Francois Lottering Windhoek-Myths, fears and urban legends are synonymous when hearing the word Freemason. Who are these secret men in our society that greet each other with secret handshakes, control the global economy and make sure that their fellow Masons get the cream of the crop? New Era took the bold step and paid a short visit to their “den”, where only the anointed ones meet and greet. But seems that these rumours and myths are all ripped out of proportion. Initially, doubting the whole invitation, through the Facebook page of the Namibian Freemasons, to an open door question and answer session, curiosity took over and I sat down with this exclusive community who, it is often said, “allow only rich white men in their midst” to find out more about them. Welcomed at the door by Gernot Piepmeyer, a Freemason, this reporter was told that the only rule was: “Please, no pictures as some do not want their pictures in the newspaper.” Who are the Freemasons? First of all, they are not all old rich white men dressed in black. There were Namibians old and young from all walks of life, even a few brothers from other countries of Africa. The Freemasons, according to the information shared, is the world’s oldest and largest non-religious, non-political fraternity and charitable organisation. The oldest document that makes reference to Masons is the Regius Poem, printed about 1390, which was a copy of an earlier work. In 1717, four lodges in London formed the first Grand Lodge of England, and records from that point on provide more information about the Freemasons. The Freemason’s meeting place, or club, is called a Lodge and can also be described as an organisational cell of the Freemasons. There are currently 10 Lodges in Namibia. Two in the Otjozondjupa region, three in the Erongo region and five Lodges right here in Windhoek. The stories of the Freemasons controlling the global economy, that they are Satanists and will do anything to oppose a country’s law were all busted during the Q&A session at their hall in Robert Mugabe Avenue. “Would we have a Holy Bible open and on display during our meetings if we were worshipping Satan,” said one of the members New Era spoke to. As a prerequisite to become a Freemason one must believe in a Supreme God, be it Christian, Muslim or Hindu, and every member is encouraged to practice his or her religion. The word “her” is pertinent, as some Lodges have female Freemasons, contrary to the myths that only wealthy old white men are allowed to become part of this “secret society”. There are currently no women’s Lodges in Namibia, however countries in Europe and the Americas have well established Lodges only for women. The freemasons will not do or ask any of their members to do anything that is contradictory to the country’s laws New Era was assured. This answer came in the light of the stories circulating the Internet, that the Freemasons will do anything to protect their members, even from the proverbial word “murder”. Members are required to “be peaceable subjects and cheerfully conform to the laws of the country in which [they] reside”. Doing some research and watching endless videos and stories about the freemasons, one thing is for sure, there are those who are against the freemasons, there are those who stay apathetic and then there are the extremists who will go out of their way to find any stones to throw at the unknown world of the freemasons. Their persecution dates back many centuries, said Dr Michael Andrew Roberts - one of the senior members of the local Lodge. The freemasons went underground in Germany during the World War II after being banned for helping people escape war-torn Germany to other countries in Europe. Even in Windhoek, on June 26, 1979, one person was killed and several injured after an unknown fanatic threw a hand grenade through the window - accusing them to be a communist support group, Roberts told New Era. After a recent spate of negative press in one of the UK’s newspapers the CEO of the United Grand Lodge of England, Dr David Staples, wrote an open letter with the hope of addressing the misrepresentation of, and discrimination against, members. As a result English lodges are opening their doors, inviting members of the public to find out the facts for themselves and to get first-hand experience of who really are the freemasons. This drive to greater transparency prompted the local Freemasons to publish a report on their support for a charity event at the beginning of this year. Teopolina Nangolo of the Findano Pre-Primary School identified that in the long run she would like to build a brick and mortar kitchen to cook food for the more than 80 children currently at the pre-school. However, in the interim a ‘kambashu’ (temporary structure) would suffice to have the kitchen under a roof during to the rainy season. Thanks to the Freemasons’ generous donation the temporary facility is up and running. Contrary to common myths, members are not invited to join. To become a Freemason one must write a letter to a Lodge requesting membership. Membership is open to men over the age of 21 and is not restricted to those who are influential members of the business community with fat bank accounts. However, there are requirements before one can be initiated into Freemasonry. One has to believe in a Supreme Being (God) and be known as a man of sound moral character to the Brethren in the Lodge applied to. That latter process does not happen overnight. The rules and aims of Freemasonry are available to the public. Meeting places are known and in many areas are used by the local community for activities other than Freemasonry. We are “a society with secrets or traditional modes of recognition but not a secret society”, said Roberts.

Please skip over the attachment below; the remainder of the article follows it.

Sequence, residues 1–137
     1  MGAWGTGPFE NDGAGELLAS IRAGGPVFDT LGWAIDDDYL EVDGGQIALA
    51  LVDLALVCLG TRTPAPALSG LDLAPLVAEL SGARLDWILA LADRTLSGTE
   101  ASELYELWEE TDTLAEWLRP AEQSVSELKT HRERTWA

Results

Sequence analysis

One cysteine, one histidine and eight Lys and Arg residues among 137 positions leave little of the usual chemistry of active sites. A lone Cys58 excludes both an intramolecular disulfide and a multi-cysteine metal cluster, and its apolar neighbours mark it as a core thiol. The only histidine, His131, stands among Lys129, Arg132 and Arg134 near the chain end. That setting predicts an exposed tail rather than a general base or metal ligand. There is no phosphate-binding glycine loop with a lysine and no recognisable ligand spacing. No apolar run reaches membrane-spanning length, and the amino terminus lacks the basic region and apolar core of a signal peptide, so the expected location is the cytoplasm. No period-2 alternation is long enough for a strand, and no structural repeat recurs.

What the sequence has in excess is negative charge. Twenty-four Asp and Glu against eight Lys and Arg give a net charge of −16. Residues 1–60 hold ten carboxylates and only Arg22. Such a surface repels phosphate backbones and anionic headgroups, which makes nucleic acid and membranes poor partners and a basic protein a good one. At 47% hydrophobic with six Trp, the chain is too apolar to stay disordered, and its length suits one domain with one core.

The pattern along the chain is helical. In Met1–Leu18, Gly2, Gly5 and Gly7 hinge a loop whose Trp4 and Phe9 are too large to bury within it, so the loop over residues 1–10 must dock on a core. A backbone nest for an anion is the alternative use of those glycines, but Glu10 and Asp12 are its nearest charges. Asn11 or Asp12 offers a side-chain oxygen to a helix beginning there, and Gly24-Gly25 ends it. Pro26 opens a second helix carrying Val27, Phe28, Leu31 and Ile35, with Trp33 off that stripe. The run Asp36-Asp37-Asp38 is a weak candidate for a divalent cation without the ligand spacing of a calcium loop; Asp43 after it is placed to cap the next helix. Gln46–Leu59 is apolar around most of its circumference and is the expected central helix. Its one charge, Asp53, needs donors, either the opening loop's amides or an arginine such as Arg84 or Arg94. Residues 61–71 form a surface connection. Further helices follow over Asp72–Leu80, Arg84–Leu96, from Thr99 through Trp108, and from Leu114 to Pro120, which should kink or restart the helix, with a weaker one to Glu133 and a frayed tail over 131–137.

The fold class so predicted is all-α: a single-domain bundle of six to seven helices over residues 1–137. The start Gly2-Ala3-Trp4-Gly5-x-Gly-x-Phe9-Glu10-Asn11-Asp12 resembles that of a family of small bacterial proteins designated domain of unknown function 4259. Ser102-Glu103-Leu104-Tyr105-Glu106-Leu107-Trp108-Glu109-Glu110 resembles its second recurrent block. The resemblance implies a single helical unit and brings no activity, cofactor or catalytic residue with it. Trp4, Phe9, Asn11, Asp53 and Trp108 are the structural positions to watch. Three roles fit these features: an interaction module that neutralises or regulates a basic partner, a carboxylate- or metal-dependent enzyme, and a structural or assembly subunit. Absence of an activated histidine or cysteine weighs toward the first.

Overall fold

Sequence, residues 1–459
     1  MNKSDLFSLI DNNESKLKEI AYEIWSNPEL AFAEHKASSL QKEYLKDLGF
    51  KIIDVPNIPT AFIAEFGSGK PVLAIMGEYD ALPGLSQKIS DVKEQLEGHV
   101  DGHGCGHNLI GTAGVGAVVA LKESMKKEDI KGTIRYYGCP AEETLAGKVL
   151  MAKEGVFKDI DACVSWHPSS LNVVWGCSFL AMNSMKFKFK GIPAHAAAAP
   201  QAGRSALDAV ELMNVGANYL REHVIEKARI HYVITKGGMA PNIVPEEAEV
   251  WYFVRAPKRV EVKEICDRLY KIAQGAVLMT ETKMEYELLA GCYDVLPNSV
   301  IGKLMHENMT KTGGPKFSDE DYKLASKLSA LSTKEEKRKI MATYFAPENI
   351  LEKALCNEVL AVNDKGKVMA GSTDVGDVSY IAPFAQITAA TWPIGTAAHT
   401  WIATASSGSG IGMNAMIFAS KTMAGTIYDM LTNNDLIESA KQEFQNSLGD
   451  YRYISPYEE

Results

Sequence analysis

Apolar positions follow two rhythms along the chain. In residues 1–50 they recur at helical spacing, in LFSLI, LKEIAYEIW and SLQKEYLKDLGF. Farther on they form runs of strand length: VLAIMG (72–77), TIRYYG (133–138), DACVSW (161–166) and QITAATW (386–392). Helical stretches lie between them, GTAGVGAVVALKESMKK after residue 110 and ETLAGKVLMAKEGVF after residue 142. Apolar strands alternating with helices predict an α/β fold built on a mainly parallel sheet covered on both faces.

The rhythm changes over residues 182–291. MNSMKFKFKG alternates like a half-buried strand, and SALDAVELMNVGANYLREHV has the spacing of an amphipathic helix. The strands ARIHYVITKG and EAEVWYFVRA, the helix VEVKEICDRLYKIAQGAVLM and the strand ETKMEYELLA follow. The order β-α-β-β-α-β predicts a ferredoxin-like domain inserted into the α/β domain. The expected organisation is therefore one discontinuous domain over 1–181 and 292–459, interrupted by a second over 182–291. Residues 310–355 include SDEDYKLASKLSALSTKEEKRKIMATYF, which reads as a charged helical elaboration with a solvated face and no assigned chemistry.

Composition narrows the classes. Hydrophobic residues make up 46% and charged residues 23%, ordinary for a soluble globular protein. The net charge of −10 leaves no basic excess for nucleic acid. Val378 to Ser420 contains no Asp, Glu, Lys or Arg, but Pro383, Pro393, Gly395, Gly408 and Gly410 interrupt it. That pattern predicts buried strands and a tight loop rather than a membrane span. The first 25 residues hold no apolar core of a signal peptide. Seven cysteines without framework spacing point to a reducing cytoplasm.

2018-04-16 09:06:03 5 months ago